What they’re selling here—near tragedy in the South Pacific—I’m not buying. If they really thought Russell was in imminent danger, would they have allowed him to lie there on the ground for nearly an hour while they fiddled with stethoscopes and bottles of Evian water and dithered over whether he should stay in the game or not? Hell, no, they’d have a helicopter in there in the blink of an eye and e-vac him away to a hospital. Instead, in his “exit interview” at the end of the episode, he’s clearly still on the island, , wearing the same grubby clothes, sitting in the dunes chatting away about his experience. I don’t doubt that Russell actually passed out and had an erratic heart rate until they managed to get him rehydrated, but I don’t for a minute believe anyone ever thought he was about to “kick the bucket.” Note to producers: next time if you want a credible medical emergency, you should restage the thing with some of those ER electric paddles and Bwana Jeff screaming CLEAR!.
MUCH ADO ABOUT NOTHING
Back at their respective camps, the castaways rue that they must attend Tribal Council, and make half-hearted efforts at strategizing. At FOA, Liz and Natalie chat and acknowledge that they’ll probably be voting for each other. Russell cautions Natalie that she’d better vote for Liz (who he’s now declared Russell-Enemy No. 1) or suffer the consequences. He assures her that Mick too is under his thumb and will vote as he’s told. Jaison thinks things are hopeless, that “this tribe will be done by Day 21.” Natalie’s more optimistic, believing that if they can make it to the merge, there’ll be individuals at FOA that will “flip.”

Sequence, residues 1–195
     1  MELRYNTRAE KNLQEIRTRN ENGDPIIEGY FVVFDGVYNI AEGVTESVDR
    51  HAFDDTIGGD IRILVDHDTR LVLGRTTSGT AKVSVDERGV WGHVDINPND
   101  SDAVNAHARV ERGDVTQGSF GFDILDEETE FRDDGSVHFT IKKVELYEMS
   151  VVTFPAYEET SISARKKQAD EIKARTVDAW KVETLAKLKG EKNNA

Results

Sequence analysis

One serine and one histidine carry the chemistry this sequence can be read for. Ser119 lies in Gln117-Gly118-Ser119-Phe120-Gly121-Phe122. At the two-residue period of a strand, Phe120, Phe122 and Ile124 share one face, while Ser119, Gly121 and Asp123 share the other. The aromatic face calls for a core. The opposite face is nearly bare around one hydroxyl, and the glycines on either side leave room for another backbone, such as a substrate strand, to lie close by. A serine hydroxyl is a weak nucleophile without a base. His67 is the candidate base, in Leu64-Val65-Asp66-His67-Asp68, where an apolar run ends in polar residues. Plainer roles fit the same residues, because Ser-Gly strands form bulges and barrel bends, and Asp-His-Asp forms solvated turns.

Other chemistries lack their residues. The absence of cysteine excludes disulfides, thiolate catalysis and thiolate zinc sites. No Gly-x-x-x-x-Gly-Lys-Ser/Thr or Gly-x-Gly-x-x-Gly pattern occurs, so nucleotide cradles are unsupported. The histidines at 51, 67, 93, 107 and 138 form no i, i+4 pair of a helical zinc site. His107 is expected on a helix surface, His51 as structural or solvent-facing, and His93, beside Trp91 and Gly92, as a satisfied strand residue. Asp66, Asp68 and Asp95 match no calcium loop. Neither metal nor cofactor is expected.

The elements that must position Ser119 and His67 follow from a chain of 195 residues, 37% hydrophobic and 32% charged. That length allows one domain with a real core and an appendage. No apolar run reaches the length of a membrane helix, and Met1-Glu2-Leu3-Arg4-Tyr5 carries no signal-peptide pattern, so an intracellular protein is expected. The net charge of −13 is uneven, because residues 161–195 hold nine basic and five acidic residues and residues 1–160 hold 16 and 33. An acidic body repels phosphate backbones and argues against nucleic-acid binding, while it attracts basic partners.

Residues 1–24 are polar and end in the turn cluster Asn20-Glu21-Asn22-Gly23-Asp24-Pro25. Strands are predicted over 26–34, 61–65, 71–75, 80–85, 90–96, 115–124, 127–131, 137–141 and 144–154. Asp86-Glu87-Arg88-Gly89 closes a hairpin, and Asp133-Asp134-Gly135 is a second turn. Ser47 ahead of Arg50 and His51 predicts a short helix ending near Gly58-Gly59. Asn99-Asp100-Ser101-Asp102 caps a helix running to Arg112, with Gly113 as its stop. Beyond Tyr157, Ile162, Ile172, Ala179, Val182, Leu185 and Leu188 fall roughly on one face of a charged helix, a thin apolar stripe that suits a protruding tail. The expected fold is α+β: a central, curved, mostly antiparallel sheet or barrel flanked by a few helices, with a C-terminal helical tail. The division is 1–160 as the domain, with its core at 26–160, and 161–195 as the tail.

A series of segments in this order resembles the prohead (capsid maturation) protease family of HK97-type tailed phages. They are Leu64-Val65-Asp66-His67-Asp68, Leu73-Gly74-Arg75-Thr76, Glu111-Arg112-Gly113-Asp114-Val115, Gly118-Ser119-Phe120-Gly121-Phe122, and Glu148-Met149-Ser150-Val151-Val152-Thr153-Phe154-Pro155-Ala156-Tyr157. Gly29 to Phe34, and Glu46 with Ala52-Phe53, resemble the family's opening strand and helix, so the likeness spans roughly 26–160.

At GALU, the girls are talking. Laura thinks Shambo may be gunning for her; Monica is still angry that Shambo has already voted for her twice. Shambo makes a pitch to them to stay, claiming that for the first eight days, she was the only one who’s made fire and gathered wood.
I’m thinking this is the most clueless bunch of females since the movie Clueless. Don’t they realize they could band together and control the game—that if they don’t the guys are going to pick them off one by one like tin ducks on the shelf at the county fair?
And guess what? Erik, John, Brett and Dave are plotting to do just that. John’s worried about Natalie and Monica having some sort of Mother/Daughter Sister/Sister bond so he wants to get rid of Monica. None of them consider Shambo a threat, so they decide to use her in their little cabal. Hellooo: Shambo not a threat? What, you were home sick the two times she went to FOA FOA and thought it was a little slice of heaven on earth? You don’t think the second there’s a merge that Shambo is going to jump at the opportunity to dump the tribe that’s treated her like a leper and join her new friends in a power alliance? Still, they hold Shambo in such disdain (Erik declares that she’s on a “need to know” basis only), that when she comes calling to try to find out how they’re voting, they do a silly verbal dance with her, refusing to come right out and say they’re voting for Monica, but suggesting Shambo “stay consistent” with her previous votes. Shambo can hardly believe her good fortune.